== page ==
Date of Award
Doctor of Philosophy (PhD)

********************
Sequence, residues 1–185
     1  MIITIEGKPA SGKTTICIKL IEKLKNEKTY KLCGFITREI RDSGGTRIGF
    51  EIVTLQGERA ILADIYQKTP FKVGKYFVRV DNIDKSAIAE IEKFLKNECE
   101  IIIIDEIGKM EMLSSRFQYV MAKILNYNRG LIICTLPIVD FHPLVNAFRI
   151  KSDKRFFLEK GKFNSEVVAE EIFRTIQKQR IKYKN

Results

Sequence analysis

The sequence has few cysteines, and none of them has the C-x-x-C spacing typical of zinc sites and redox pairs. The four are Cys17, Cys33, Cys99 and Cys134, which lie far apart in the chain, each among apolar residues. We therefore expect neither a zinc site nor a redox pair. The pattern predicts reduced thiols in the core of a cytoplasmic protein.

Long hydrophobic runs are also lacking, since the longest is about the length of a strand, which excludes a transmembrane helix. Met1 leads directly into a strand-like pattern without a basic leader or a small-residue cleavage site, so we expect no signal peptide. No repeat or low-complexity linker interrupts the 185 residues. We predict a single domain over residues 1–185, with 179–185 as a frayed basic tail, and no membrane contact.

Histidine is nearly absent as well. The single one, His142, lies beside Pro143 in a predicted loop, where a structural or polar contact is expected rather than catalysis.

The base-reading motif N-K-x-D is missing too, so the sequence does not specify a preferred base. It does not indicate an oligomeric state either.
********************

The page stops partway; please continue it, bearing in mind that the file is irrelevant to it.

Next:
The human photoreceptor mosaic underlies the first steps of vision; thus, even subtle defects in the mosaic can result in severe vision loss. The retina can be examined directly using clinical tools; however these devices lack the resolution necessary to visualize the photoreceptor mosaic. The primary limiting factor of these devices is the optical aberrations of the human eye. These aberrations are surmountable with the incorporation of adaptive optics (AO) to ophthalmoscopes, enabling imaging of the photoreceptor mosaic with cellular resolution. Despite the potential of AO imaging, much work remains before this technology can be translated to the clinic. Metrics used in the analysis of AO images are not standardized and are rarely subjected to validation, limiting the ability to reliably track structural changes in the photoreceptor mosaic geometry. Preceding the extraction of measurements, photoreceptors must be identified within the retinal image itself. This introduces error from both incorrectly identified cells and image distortion. We developed a novel method to extract measures of cell spacing from AO images that does not require identification of individual cells. In addition, we examined the sensitivity of various metrics in detecting changes in the mosaic and assessed the absolute accuracy of measurements made in the presence of image distortion. We also developed novel metrics for describing the mosaic, which may offer advantages over more traditional metrics of density and spacing. These studies provide a valuable basis for monitoring the photoreceptor mosaic longitudinally. As part of this work, we developed software (Mosaic Analytics) that can be used to standardize analytical efforts across different research groups. In addition, one of the more salient features of the appearance of individual cone photoreceptors is that they vary considerably in their reflectance. It has been proposed that this reflectance signal could be used as a surrogate measure of cone health. As a first step to understanding the cellular origin of these changes, we examined the reflectance properties of the rod photoreceptor mosaic. The observed variation in rod reflectivity over time suggests a common governing physiological process between rods and cones.